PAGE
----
Morelia, the capital of the state of Michoacan, is also known for the richness of their sweets and desserts.
The Sweets Museum is a pleasant surprise and one I highly recommend you visit if you go to Morelia. It is situated in a 19th century mansion which belongs to an old Morelian family who has been involved in the production of sweets for decades. They are very proud of their past, still keeping old recipe books and old photographs that show their heritage. To preserve it, along with the family business, they decided to create a museum to explain the history of the production of these famous sweets.
When you arrive it is like you went back in time. All the staff, including the guides are dressed in 19th century period clothes. The tour is included in the entrance fee and I strongly recommend it.
First you are shown the family vintage photo collection of old Morelia that goes back two centuries while they give you a short historical explanation.
Then you watch a small video that explains the origin of the sweet production in Morelia. It tells you how the factory and shop were created and still follow the original recipes. They also take pride in having been able to rescue ancient recipes, some of which trace their roots back to pre-colonial times.
After the movie you are shown small scale models of how the production of sweets evolved through time. How the Spaniards adapted indigenous recipes by adding to it with products they brought to Mexico, like the sugar cane for example. It was first in the Spanish convents through the work of the nuns that different recipes started to be developed. This art later spread to the homes where some Morelian families developed it into a commercial endeavour. They established factories and shops that took the production of the sweets industry in Morelia to another level.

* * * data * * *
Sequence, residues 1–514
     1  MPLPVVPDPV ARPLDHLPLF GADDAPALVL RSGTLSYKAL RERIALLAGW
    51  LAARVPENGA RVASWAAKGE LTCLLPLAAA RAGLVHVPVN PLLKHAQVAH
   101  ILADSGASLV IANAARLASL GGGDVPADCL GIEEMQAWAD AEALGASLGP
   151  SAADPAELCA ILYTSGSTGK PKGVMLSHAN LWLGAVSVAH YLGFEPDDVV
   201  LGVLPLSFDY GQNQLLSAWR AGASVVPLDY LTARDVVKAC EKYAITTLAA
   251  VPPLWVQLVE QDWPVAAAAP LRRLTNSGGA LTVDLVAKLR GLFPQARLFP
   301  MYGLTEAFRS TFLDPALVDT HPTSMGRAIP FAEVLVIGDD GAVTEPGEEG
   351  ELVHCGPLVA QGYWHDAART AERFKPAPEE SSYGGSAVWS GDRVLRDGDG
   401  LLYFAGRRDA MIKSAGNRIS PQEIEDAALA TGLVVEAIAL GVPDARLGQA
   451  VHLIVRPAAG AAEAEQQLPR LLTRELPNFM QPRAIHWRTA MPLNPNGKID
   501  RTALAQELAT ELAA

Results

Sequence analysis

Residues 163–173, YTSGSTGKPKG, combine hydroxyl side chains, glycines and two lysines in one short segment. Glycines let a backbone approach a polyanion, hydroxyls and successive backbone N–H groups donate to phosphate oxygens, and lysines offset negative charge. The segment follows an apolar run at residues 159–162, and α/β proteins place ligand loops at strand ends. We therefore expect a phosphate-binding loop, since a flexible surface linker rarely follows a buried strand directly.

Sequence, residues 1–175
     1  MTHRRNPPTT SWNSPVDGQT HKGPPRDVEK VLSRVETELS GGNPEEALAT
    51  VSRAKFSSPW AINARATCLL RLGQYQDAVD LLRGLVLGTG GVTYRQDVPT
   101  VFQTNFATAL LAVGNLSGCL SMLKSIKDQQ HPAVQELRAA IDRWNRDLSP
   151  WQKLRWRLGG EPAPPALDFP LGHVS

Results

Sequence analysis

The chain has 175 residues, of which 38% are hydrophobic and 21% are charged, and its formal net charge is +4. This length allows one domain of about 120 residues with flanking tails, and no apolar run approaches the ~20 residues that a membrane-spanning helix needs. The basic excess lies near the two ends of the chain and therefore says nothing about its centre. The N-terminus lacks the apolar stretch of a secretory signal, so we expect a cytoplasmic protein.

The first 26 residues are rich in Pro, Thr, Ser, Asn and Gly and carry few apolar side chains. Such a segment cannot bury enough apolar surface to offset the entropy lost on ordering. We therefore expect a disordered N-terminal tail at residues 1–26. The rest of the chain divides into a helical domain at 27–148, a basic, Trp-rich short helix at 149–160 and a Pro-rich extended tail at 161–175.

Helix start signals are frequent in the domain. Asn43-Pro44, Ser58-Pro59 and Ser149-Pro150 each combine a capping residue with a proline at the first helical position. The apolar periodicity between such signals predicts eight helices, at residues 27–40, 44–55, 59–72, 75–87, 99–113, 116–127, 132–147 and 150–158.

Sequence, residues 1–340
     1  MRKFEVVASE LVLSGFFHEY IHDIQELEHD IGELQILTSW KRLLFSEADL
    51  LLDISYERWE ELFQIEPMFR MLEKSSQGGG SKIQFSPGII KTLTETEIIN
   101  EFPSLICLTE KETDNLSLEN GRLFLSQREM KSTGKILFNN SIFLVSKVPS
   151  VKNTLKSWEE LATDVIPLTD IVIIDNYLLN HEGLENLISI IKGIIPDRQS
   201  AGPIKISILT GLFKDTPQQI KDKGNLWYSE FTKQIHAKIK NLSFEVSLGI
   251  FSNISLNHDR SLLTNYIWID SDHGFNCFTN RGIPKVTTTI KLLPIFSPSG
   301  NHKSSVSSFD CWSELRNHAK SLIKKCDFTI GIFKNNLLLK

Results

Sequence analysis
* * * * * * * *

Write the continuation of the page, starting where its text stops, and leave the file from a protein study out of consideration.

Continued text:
The museum keeps a beautiful collection of old machinery used in the production of sweets. The copper pots helped distribute the heat uniformly and copper is still considered today to be an excellent heat conductor in the production of sweets. Copper pots continue to be used today by many to make jam, including me!
Finally, they take you to the old colonial kitchen where they make a demonstration of how to make “ate”, a specialty of Morelia. Ate can be made with different fruits but this particular one is made with quinces.
She uses a copper pan and explains how you cut the fruit and get the pulp.
Next you start by mixing the pulp with the sugar
And you mix constantly until you get the perfect consistency. This is when the mixture starts coming off the sides and no longer drips from the spoon.
You finally get to the final result and we can all taste the wonderful ate!
These are just some of the shapes you can give to the ate.
I loved the details in the colonial kitchen
After the tour you can explore all the goodies in the shop. You can also stop at their cozy back patio coffee shop where you can choose from a delicious selection of cakes, house-made hot chocolates and also freshly made ice creams.
One of the last images you see is of this old transport cart, a remnant of the past…
Museo del Dulce
Av. Madero Oriente nº 440, Centro Historico
Sunday to Monday 10.00 am to 18.30 pm
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- The beautiful Morelia
- The Procession of Silence in Morelia
- Old Men’s dance in Michoacan
- The Monarch butterfly